8. Umm Amani July 21st, 2008 at 9:46 pm

      ASA- There are jerks everywhere you go. Having said that, when you have a culture where women tend to think that other women somehow deserve to be harrassed, what do you expect the average man in that society to think?

    9. Asim July 22nd, 2008 at 3:01 pm

      Here’s the article I think Br. Dawud was talking about: http://www.nytimes.com/2008/02/17/world/middleeast/17youth.html?pagewanted=1&_r=1&hp

    10. anon August 3rd, 2008 at 11:51 pm

      What Umm Amani said is so true, about women blaming the women. Shirien’s comments made that amply clear. When she basically laid the blame on the women who wear hijab “improperly” The onus should be on the man with the dick. Not the women.

      And if niqaab supposedly works so splendidly than why are there all those reports of hugely pregnant women in niqaab and old ladies in niqaab also being sexually harrassed in Saudi Arabia? Let me guess, they are wearing niqaab improperly. Sexual crimes and sexual violence have nothing to do with what a woman wears. If “proper” hijab and niqaab worked so well there would be no such crimes in Afghanistan or Saudi.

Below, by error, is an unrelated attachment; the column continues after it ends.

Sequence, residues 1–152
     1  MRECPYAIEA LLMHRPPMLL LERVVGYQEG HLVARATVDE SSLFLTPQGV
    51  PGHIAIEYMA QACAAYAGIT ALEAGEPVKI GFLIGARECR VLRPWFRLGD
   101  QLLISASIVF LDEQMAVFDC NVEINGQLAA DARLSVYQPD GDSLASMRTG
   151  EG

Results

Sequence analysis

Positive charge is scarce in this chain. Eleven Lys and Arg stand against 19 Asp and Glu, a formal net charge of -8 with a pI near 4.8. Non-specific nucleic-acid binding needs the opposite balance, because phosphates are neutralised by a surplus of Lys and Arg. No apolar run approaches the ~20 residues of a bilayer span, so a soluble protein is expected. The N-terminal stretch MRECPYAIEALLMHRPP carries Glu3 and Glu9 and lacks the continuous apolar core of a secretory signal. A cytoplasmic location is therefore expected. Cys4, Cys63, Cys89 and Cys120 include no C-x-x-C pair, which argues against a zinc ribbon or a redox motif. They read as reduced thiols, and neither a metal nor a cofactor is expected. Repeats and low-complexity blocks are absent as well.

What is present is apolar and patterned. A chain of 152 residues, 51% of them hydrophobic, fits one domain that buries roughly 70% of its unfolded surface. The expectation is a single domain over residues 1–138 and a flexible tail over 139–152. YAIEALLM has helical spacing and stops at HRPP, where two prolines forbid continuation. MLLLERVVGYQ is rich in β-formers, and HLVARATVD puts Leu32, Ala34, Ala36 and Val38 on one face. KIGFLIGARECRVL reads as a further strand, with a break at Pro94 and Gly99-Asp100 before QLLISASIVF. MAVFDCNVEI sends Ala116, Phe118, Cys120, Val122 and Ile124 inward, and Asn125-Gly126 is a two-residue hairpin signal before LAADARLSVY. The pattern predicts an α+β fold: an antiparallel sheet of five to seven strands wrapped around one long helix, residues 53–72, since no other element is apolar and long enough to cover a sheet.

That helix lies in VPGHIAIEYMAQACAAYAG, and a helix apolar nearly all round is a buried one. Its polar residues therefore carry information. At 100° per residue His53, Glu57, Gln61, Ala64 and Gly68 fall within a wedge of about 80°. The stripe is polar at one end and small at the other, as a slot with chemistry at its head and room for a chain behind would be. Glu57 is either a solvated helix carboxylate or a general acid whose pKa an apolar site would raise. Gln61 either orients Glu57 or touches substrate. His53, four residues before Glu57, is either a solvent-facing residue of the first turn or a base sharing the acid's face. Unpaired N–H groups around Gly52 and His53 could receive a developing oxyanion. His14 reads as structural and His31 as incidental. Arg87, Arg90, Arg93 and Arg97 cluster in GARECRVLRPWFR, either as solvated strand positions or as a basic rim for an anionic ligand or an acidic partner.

11. some1fromsaudi August 7th, 2008 at 4:39 pm

      How can you compare rare or occasional sexual crimes with egypt’s daily crimes and then say what you said about the niqab. Saudi Arabia’s sexual crimes are not even close to egypt’s. If all women stopped wearing hijab and niqab in saudi, this will increase sexual harassment and especially ogling in saudi. Just ask anyone who’s lived or is living in saudi.

      The number of sexual harassment cases depend on many things including what women wear, that’s a fact. A guy can tell you that. Ask a guy!!!!

      I’m in no way supporting what the men are doing in egypt. It’s the fault of both. And it’s the men who are more sick and more at fault because they are the ones actually committing the crime with their hands/tongues. The women are at fault because they know that men would harass them if they wear these clothes, and they still do.